Today in Grateful Dead History: July 27, 1973 – Grand Prix Racecourse, Watkins Glen, NY (The Watkins Glen Soundcheck)

stealieIn one of the more delightful ironies in a history filled with them, on this date in 1973 the Grateful Dead played one of their most legendary shows at a soundcheck on the night before they performed in front of 600,000 people on a triple bill with The Band and The Allman Brothers Band.

First, a little context.  This soundcheck came the night before Summer Jam at Watkins Glen, an enormous festival that was considered to be the largest outdoor pop festival of all time for many years.  According to Wikipedia (and confirmed by my elementary math), if the 600,000 person attendance figure is accurate, one out of every 350 people in the United States attended this concert.  So, as you can probably imagine, a huge crowd got there early, and The Band and The Allman Brothers Band each played short soundchecks in front of those intrepid souls.  But the Grateful Dead, because they’re the Grateful Dead, didn’t play a short soundcheck at all – instead, they came on, played for about 45 minutes, took a break and then came back on and did another 45 minutes, including the epic jam that made this show famous.

That the jam from this show is considered one of the greatest of all the Grateful Dead’s jams is a little surprising, seeing as how it was not a part of another beloved song like Dark Star, but instead evolved from a cold start and took off from there.  However, the lack of structure works here, allowing the Dead to go in several different directions, free from the shackles of a formal song.  And fly off they do, playing a brilliant 20 minute piece with at least three distinct themes – an opening, jazzier section, a second movement, beginning at the 14 minute mark, that could be the genesis for Fire on the Mountain (which wouldn’t come out for close to 4 years) and then a closing theme that resembles the transition into Going Down the Road Feeling Bad or I Know You Rider.  But, again, I’m just using these songs as musical reference points – the piece stands on its own.  (For much more on the jam and how this particular recording came to be, I strongly encourage you to read up on things at the Grateful Dead Listening Guide.  You can also hear it on So Many Roads.).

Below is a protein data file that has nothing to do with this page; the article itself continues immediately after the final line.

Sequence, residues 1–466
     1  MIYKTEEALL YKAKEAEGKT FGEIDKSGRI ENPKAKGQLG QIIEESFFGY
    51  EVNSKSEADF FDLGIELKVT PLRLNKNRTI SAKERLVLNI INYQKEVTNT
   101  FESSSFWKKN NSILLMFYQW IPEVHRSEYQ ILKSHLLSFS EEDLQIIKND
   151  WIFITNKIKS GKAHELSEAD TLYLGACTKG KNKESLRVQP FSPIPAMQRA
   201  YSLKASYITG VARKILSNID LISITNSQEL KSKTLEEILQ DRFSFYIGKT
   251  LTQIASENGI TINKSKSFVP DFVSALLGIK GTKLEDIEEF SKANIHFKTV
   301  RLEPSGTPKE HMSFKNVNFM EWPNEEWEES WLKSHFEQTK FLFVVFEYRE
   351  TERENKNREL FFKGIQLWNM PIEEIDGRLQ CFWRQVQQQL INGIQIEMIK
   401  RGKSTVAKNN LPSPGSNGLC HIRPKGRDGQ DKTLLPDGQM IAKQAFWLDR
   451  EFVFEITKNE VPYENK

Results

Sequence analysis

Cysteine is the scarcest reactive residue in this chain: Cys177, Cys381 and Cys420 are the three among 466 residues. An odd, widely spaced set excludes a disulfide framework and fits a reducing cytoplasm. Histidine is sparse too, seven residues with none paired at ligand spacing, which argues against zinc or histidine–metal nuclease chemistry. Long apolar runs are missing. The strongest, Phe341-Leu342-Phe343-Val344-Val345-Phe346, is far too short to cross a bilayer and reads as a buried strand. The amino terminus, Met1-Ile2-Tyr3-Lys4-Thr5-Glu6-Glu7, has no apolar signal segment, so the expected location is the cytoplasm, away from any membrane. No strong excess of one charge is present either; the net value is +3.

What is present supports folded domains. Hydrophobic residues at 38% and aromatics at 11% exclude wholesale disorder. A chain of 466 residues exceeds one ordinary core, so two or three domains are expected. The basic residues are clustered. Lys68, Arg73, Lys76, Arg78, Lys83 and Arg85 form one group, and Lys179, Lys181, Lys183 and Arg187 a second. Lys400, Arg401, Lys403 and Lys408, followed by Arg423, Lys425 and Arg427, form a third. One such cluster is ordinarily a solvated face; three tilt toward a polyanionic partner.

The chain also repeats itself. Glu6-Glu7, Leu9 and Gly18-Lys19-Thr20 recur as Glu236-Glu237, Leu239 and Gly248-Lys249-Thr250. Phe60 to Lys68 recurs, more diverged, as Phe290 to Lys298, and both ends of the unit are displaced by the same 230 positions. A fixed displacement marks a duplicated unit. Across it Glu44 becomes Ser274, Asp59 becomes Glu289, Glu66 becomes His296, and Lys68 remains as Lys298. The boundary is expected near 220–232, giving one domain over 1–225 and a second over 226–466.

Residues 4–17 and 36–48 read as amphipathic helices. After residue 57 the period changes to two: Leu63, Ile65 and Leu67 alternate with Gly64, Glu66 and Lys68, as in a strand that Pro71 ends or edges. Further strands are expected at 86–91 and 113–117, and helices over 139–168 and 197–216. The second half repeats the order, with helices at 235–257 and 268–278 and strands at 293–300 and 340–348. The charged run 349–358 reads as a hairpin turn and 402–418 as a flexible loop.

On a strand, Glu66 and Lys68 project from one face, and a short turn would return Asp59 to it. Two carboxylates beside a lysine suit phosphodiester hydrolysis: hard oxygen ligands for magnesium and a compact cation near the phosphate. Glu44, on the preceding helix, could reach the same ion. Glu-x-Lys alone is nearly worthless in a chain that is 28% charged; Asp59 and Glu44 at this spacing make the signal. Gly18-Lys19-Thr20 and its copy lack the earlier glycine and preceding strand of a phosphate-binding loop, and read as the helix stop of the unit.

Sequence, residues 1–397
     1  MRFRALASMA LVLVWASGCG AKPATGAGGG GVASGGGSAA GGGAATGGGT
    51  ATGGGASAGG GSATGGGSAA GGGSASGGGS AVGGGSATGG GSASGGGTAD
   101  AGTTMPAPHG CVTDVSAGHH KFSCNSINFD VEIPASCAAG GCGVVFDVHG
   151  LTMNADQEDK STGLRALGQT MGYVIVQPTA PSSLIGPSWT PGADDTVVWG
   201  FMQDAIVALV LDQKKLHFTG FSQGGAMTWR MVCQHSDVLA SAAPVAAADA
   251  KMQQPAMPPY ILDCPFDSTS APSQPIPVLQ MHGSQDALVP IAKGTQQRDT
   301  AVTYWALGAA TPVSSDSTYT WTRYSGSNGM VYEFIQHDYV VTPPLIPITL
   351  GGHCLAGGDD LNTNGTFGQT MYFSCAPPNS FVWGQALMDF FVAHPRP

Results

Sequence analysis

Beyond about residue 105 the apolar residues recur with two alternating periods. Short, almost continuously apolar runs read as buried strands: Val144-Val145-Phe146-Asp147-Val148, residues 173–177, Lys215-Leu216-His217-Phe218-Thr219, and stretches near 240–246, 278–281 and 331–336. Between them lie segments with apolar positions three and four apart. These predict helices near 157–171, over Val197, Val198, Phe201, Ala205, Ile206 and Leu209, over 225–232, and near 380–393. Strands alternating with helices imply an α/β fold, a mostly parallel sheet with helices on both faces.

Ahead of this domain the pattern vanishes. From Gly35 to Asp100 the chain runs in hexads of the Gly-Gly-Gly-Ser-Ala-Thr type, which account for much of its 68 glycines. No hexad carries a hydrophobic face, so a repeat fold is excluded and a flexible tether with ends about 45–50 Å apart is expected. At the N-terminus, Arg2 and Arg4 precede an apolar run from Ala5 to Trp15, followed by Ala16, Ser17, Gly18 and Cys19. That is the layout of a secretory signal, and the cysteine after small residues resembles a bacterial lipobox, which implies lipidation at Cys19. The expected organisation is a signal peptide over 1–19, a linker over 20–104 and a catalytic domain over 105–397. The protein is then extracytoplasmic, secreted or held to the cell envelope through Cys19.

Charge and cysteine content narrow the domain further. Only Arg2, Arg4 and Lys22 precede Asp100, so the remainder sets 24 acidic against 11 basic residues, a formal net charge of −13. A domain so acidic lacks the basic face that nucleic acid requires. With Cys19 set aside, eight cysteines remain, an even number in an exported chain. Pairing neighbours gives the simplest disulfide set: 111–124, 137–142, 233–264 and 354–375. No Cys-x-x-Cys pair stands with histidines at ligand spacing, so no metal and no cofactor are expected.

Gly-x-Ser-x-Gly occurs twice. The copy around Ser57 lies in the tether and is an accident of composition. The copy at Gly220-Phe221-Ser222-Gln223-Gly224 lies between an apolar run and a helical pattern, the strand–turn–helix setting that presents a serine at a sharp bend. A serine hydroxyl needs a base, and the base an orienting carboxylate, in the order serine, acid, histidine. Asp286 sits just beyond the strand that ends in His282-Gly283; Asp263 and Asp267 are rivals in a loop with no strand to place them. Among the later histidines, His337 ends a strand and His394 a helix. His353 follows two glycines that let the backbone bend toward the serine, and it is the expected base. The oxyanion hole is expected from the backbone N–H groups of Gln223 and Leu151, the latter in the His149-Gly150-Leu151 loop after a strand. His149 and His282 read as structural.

So, the jam is the thing here, but it’s not the only awesome musical moment – this is 1973, after all.  In fact, if it wasn’t for the jam, I think that this date would still be pretty well known because of the amazing Bird Song from the first “set”.  This is a very long Bird Song, one of the longest I’ve ever heard, and while it follows a fairly typical Bird Song structure, the playing after the halfway mark is remarkably free for a 1973 Bird Song.  There is also some thunderous bass work from Phil that drives the whole song, and Bob’s rhythm guitar, as usual, flourishes in and around Jerry’s amazing runs.  I love this one almost as much as the PNE Coliseum Bird Song on June 22nd and the much-hyped version from 1972’s all-time great show in Veneta.

Apart from these two songs, which are really all that you need, the Dead play a bunch of shorter material and a pretty good ten minute version of Wharf Rat.  I encourage you to listen to this show from start to finish and not skip around, in order to experience this amazing night as it builds towards that jam, just like the people who were there.

There are lots of recordings of this show – the AUD referenced on the Listening Guide gives you great bang for your buck, but is missing Sugaree.  That’s alright.  Listen here:  https://archive.org/details/gd73-07-27.aud.weiner.gdadt26.26363.sbeok.shnf

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